Interviewing Health Activists: Katie Schwartz, Founder of Dear Thyroid™ Part 1

Katie (@dearthyroid)

In honor of January’s Thyroid Awareness Month, I had the awesome opportunity to interview Katie Schwartz, Health Activist mastermind behind the community Dear Thyroid™. Like her community, Katie is fiercely dedicated to being honest and real about life and thyroid conditions. Her responses to my questions are saturated with rich, fun language, likely due to her background as a comedy writer and fellow lover of words. In addition to being well-spoken, Katie takes a fresh approach to advocacy that is both light-hearted and content-centric. (Perhaps it’s no surprise why I’m such a fan!) Personally, I connected immediately with Dear Thyroid’s mission statement and their literary focus. It doesn’t take long to see why this community is special and why it has engaged so many. A self-proclaimed “pushy broad,” you can expect many more great things from Katie and her community in the future.

Amanda: I’m so excited to be chatting with you today Katie! Thanks so much for taking the time out to share with our community.

Katie Schwartz: Me too, Amanda! You’re passion and enthusiasm for health advocacy and WEGOHealth.com is infectious. LOVE IT, GIRL. Thanks so much for your time and the opportunity to talk about Dear Thyroid™

A: First off – tell us a little bit about your background and why you became an advocate for thyroid diseases and thyroid cancers.

KS: I’m a comedy writer. Life, pre-sickness, was fantastic. I appreciated my life, family, friends, and valued time; mine and others. I knew who I was and where I came from. I didn’t need an internal or external makeover.  I didn’t need a disease to teach me anything. Suffice it to say, I don’t believe that we create disease or invite it into our lives. Disease just is. When it happens, life as you know it is forever changed, for yourself, your family and friends.

Though I was diagnosed with Graves’ and Graves’ eye disease 4 years ago, I’ve had it for at least 10-years. Unbeknownst to me, it was genetic.

Unfortunately, I almost died from thyrotoxicosis and thyroid psychoses. My mother and sister intervened to save my life.

Upon diagnosis, I wrote scathing hate letters to my thyroid. I wondered if anyone wanted to write one too. One day, I launched a blog and invited other thyroid patients to write and submit letters to their thyroids. Within a few months, a brand, a website and a community were born.

As letters poured in from patients and survivors; I realized that elements of my story kept reflecting back to me in various degrees. Multiple misdiagnoses, mistreatment and neglect were as normal as brushing your teeth in the morning. The more I read the more heartbroken and enraged I became. These exquisite, brave and wonderful women, men and young adults had rich, full lives that were ripped away from them without forewarning or consent. Their courage to keep fighting and sharing their stories was the impetus for my unwavering determination to be part of the movement that invokes change for thyroid patients. That and I am a pushy broad. So, I’m not giving up.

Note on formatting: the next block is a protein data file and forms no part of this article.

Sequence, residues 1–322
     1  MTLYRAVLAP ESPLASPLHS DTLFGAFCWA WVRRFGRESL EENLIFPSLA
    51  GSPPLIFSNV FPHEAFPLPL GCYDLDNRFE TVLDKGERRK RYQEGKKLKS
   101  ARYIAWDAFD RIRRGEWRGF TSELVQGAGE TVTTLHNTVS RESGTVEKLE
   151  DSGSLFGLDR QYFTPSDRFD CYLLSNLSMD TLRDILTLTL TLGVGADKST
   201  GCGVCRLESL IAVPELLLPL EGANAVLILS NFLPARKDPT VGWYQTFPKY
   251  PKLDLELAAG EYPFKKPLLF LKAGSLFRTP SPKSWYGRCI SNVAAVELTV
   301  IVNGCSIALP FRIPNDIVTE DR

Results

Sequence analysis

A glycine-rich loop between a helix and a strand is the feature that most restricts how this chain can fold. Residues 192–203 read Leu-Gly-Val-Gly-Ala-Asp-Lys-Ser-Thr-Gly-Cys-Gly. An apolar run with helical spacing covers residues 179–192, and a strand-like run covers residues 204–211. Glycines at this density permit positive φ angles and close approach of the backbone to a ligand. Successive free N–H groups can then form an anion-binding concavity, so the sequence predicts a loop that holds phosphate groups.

A: What made you get involved in the first place?

KS: I was frustrated. I wanted to know exactly what other patients were going through, in their words. I wanted the uninterrupted, uncensored grit. I didn’t want anything sugar coated. I was frustrated by the lack of spinning and spiraling. I thought, certainly others feel this way too, right? Anger seemed to be taboo. Not that anger is an aphrodisiac or anything; I just refused to believe that I was the only one who felt angry about my disease.

Save religion and politics, anything goes on Dear Thyroid. This disease takes your mind to dangerous places and morphs your body into an unrecognizable stranger, to yourself and others. That brings up a lot of anger, frustration and sadness. We encourage everyone to write honestly. We want the good, the bad and the ugly.

A: How has Dear Thyroid evolved to take that mission to the next level? What keeps you going?

KS: As Dear Thyroid™ has grown, so have our goals. From a literary perspective, we receive poems, songs, rants, raves, love letters, hate letters, letters to doctors, and to and from families, among other literary works. Each piece is a gift, and treated with the utmost respect. Letters from families are as important as letters from patients. This disease impacts them as hard as it hits patients. In addition, we have ongoing columns about Graves’ disease, thyroid cancer, chronic illness, and a few more coming soon. We also giveaway Thyroid Awareness Bands, provide offline local support, family support and Wearing My Disease on My sleeve. Recently we launched a “Thymentor” program. We sell humorous T-shirts. (To be clear, we are in the process of becoming a non-profit and we do not accept any revenue.) We also partner with other organizations and groups to support their awareness endeavors.

I am empowered and inspired every day by our community and their courage. They motivate me to do better, fight harder and challenge myself to think as far outside the box as possible, to make life better for all of us.

As for the Dear Thyroid Team, I am VERY lucky to be working alongside such extraordinary, dedicated and talented individuals. Our team members donate their invaluable time, to write columns, support community members, and forge partnerships with other organizations. They donate their time—THAT’S AMAZING. They give so much of themselves to our community. I am in awe of them and have tremendous respect and gratitude for them. Each has such a unique point of view. With a pure heart and passion for their work, they bring it.

Stay tuned for Part two of the interview with Katie where we discuss online activism, the highs and lows of online community, and the thyroid itself!

Continue onto Part Two»